A leisurely, happy morning.
Suddenly, with about 5 minutes remaining before the hour, the program was interrupted by the news flash: former Finance Minister Nakagawa Shōichi had been found dead in his Setagaya home.
The participants were a bit taken aback. However, with the prodding of the announcer, they got back to their discussion, and in the final seconds, were even laughing at a witticism.
It was a sorry, sad failure of propriety...but what could the guests do? Since they were talking about the economy, they would have to bring up the point that Nakagawa was the former finance minister...and the last thing anyone wanted to remind viewers (or in my case, listeners) of his great humiliation.
And then, with Nakagawa only 56 years of age, an alcoholic and the son of suicide, the inevitable first thought was that he had died at his own hand.
What could they do, in the circumstances? What would I do?
I hesitated to turn on the laptop, to type out some message or brief blog post. The day was already getting late, however...and I really did not have much to say more than what I had said in Reflections on these Men Broken.
So I too just let it go.
* * *
A man has died, one became at one point the butt of jokes around the world. He worked his way up to the position of Finance Minister despite being seriously ill for much of his adult life. In terms of his inner world, he likely suffered greatly, his personality not suited for the responsibilities thrust upon him.
We should be careful to not go overboard in self laceration or attributions of possible merit, however. While it is right to feel sympathy for the sick man and his family members, we should not lose sight of the twisted system in which Nakagawa Shōichi operated and which he did too little to change.
Like so many of the LDP leaders in its years of precipitous decline, Nakagawa was born, as they say in the United States, "on third base, thinking he had just hit a triple." He was the son of a powerful LDP politician who, in meeting his end at the age of 57, gave Shōichi an early start on his climb up the political ladder. Keizō Obuchi's and Ryutarō Hashimoto's fathers also died prematurely – making it possible for these two men to amass sufficient seniority to become prime ministers at the ages of 58 and 61, respectively. Obuchi's Keizō death in office in turn opened the door for his daughter Yūko to become the youngest minister in history.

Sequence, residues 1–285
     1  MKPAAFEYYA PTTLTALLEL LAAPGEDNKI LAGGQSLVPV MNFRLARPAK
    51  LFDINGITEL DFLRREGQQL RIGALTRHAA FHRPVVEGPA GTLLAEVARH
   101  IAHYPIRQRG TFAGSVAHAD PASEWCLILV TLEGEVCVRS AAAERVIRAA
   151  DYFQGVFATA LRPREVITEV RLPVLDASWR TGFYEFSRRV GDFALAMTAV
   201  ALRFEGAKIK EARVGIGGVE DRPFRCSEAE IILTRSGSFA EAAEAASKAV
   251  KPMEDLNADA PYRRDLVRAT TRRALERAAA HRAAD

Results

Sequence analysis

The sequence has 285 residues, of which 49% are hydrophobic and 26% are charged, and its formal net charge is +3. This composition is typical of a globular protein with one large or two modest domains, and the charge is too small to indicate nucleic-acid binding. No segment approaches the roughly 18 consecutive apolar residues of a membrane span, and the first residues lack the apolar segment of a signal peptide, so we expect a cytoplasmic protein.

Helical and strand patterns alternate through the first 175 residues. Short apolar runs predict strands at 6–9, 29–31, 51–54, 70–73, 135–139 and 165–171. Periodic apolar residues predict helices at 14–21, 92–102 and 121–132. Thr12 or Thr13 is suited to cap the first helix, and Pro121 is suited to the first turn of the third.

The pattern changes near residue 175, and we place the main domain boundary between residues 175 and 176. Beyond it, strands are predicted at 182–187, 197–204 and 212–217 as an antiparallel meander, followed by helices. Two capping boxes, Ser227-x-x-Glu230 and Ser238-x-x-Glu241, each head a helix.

Nakagawa and his fellow hereditary politicians had an immense head start on their countrymen.
In terms of his politics, Nakagawa may have just happened to be at the right place at the right time. A staunch, dogmatic nationalist, he would have been anti-mainstream in the late 60s, the 70s and the 80s. However, after the march of Japan's economic prowess had come to a shuddering halt, leaving many citizens groping for answers on how to better their lives, he and his fellow hardliners found themselves aboard an escalator to high office.
(I must credit Tobias Harris for suggesting that the relationship between the economic slump and the rise of the nationalist right was serendipitous, not determined. The bursting of the Bubble did not compel a rise of nationalist feelings among the citizens. It merely blew open a hole in the national narrative into which fantabulist nationalism could insinuate itself.)
As Okumura Jun has noted on numerous occasions, Nakagawa was a sight better than his most of peers in the brains department. Yes, but then his peers....well...
We can recognize that Nakagawa Shōichi rose to the highest positions in political life. We can also be candid and admit that he did so within an institutionalized, hereditary, exclusive, seniority-based, hierarchical structure that, because it was charged with the rule of a democratic country, also had to be corrupt.
Was he a prisoner of heredity and social expectations? No doubt.
Had he been wiser or perhaps luckier in his choices of friends and mentors, though, he might have liberated himself.
Resquiescat in Pacem.